…new and unexpected functions of Hh signalling continue to surface […] Hh ligands secreted from damaged or inflamed tissues can shape the adaptive immune response

Downstream from Smo, PKA and Sufu are the two main negative regulators of the Gli family of transcription factors. How Smo activation overcomes PKA and SuFu, probably at primary cilia, is another impotant unanswered question in signalling. Kazushi Aoto (Stowers Institute for Medical Research, USA) presented evidence that AKAP11, a member of a scaffolding protein family that regulates PKA localization in subcellular compartments, binds to both Ptch1 and Smo, and RNA interference of AKAP11 results in ectopic signalling in the chick spinal cord. This might provide clues as to how PKA activity or localization is regulated by Hh signalling. Rune Toftgard (Karolinska Institutet, Sweden) presented the crystal structure of full‐length SuFu and identified a flexible regulatory subdomain encompassing an 80‐amino‐acid segment disordered in the crystals, which is required for Hh signalling to overcome the negative effect of SuFu, but surprisingly is not required for the ability of SuFu to inhibit Gli proteins. The flexible subdomain might be the crucial sequence element that connects SuFu to upstream signalling.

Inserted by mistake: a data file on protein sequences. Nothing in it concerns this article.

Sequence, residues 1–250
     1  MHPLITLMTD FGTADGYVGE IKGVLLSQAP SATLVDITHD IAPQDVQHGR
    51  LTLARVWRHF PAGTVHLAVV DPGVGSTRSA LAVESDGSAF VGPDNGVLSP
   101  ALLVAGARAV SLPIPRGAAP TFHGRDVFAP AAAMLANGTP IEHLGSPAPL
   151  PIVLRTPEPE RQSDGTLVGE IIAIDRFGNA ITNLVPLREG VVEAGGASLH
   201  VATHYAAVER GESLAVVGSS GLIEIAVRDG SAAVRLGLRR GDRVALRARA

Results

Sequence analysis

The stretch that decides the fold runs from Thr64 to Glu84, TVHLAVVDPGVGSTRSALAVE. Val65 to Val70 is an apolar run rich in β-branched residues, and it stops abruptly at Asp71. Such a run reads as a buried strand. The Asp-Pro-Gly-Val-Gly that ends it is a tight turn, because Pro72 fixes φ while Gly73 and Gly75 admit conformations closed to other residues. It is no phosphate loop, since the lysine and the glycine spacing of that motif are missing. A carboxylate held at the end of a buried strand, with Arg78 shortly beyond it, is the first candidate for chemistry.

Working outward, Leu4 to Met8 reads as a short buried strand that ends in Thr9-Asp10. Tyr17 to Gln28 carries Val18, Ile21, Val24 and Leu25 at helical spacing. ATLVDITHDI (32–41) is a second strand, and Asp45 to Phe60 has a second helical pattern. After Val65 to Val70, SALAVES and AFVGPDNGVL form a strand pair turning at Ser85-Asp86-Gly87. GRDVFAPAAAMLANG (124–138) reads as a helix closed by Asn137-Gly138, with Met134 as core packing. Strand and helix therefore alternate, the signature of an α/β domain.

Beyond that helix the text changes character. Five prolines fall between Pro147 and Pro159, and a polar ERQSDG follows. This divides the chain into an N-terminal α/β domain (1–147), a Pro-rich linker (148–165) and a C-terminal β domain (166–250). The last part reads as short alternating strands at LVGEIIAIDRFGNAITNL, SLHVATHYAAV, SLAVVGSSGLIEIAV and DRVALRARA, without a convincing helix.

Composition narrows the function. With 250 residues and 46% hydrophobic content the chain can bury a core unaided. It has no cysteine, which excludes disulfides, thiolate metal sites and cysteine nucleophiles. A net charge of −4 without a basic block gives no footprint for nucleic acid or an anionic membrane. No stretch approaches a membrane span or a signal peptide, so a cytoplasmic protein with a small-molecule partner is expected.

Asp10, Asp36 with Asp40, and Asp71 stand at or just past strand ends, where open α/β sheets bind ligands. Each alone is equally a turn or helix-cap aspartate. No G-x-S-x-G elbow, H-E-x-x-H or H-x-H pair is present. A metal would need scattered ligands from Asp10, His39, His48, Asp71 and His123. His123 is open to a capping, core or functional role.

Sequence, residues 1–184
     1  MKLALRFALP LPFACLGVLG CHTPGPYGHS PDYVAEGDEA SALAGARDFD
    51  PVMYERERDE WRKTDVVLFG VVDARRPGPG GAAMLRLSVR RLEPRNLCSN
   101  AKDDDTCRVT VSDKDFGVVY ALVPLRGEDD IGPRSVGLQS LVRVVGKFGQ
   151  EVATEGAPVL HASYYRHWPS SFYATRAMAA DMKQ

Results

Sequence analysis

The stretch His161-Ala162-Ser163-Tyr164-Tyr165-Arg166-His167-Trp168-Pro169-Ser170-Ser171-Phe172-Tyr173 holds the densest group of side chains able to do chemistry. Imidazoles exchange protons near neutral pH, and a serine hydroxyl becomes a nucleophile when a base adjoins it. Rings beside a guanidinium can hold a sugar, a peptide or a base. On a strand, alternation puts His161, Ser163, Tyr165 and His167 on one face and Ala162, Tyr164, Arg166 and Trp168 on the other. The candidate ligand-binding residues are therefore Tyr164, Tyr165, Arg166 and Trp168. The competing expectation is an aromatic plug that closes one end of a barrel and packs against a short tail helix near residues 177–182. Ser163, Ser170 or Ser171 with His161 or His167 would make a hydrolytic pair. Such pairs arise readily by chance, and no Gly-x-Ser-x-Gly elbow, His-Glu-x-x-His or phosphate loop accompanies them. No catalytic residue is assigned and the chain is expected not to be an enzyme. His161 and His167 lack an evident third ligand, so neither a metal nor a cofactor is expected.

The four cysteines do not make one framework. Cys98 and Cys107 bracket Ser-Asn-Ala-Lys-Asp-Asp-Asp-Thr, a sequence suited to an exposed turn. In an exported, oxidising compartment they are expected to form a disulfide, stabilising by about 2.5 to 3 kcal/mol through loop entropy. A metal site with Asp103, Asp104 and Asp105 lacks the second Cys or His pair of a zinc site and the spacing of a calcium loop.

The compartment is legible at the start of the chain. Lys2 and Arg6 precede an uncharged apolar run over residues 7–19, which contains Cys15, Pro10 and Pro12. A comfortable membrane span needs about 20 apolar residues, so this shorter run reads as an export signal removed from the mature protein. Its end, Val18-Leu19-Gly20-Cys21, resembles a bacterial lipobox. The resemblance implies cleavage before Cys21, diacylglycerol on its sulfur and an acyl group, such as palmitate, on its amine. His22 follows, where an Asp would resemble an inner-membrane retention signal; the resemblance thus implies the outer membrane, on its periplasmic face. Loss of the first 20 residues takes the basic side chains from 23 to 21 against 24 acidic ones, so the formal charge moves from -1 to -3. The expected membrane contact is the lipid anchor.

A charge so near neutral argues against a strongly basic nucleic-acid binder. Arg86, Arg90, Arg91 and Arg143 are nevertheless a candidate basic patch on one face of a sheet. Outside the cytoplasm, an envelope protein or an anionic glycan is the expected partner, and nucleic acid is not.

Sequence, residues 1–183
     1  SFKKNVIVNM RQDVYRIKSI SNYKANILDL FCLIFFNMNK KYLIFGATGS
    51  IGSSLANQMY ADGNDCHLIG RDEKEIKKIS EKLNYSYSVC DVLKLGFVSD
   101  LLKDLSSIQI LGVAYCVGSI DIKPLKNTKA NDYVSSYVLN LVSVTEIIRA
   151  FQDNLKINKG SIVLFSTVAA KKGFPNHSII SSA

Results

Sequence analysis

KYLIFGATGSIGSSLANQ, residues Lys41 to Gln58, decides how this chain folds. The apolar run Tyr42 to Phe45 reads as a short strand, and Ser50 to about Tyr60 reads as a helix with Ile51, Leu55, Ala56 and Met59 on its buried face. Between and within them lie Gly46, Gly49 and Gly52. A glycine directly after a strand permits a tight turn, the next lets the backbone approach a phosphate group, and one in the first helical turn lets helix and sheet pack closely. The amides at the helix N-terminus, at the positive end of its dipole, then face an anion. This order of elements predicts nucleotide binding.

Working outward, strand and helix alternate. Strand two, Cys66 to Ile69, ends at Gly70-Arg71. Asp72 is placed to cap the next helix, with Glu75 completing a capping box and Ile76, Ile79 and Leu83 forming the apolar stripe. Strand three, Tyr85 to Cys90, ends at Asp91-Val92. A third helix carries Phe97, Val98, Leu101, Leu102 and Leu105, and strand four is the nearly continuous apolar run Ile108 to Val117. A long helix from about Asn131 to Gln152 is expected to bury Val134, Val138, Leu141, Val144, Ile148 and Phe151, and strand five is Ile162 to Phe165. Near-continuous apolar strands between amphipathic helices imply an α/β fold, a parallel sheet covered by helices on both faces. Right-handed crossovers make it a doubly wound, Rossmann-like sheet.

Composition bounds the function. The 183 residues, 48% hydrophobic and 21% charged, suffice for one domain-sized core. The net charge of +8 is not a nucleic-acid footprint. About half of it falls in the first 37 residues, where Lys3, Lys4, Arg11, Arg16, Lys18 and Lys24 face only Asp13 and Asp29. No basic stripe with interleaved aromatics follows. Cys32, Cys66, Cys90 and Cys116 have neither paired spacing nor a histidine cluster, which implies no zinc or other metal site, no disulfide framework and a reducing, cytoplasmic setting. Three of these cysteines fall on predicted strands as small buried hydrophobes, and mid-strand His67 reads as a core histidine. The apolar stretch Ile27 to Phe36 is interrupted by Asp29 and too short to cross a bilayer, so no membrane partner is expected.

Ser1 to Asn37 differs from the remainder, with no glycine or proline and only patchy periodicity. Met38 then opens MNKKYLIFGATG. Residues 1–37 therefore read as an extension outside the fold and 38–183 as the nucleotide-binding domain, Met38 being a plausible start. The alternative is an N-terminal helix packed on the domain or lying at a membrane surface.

Downstream from Smo, Hh signalling ultimately regulates the activity of zinc finger‐containing transcription factors of the Gli/Ci family. These are bifunctional transcriptional regulators, inhibiting transcription in the absence of signalling and activating transcription in response to Hh signalling. Jiang Wu (U. Texas Southwestern, USA) provided evidence that the ability of the Glis to both activate and repress transcription depends on an interaction with Brg1, a component of the Swi–Snf complex. In addition, Scott Atwood (Stanford U., USA) presented data suggesting that atypical protein kinase C (aPKC) directly phosphorylates the zinc‐finger motif of Gli1 and enhances Gli1 DNA binding, a mechanism that might have therapeutic relevance in basal cell carcinomas (see below).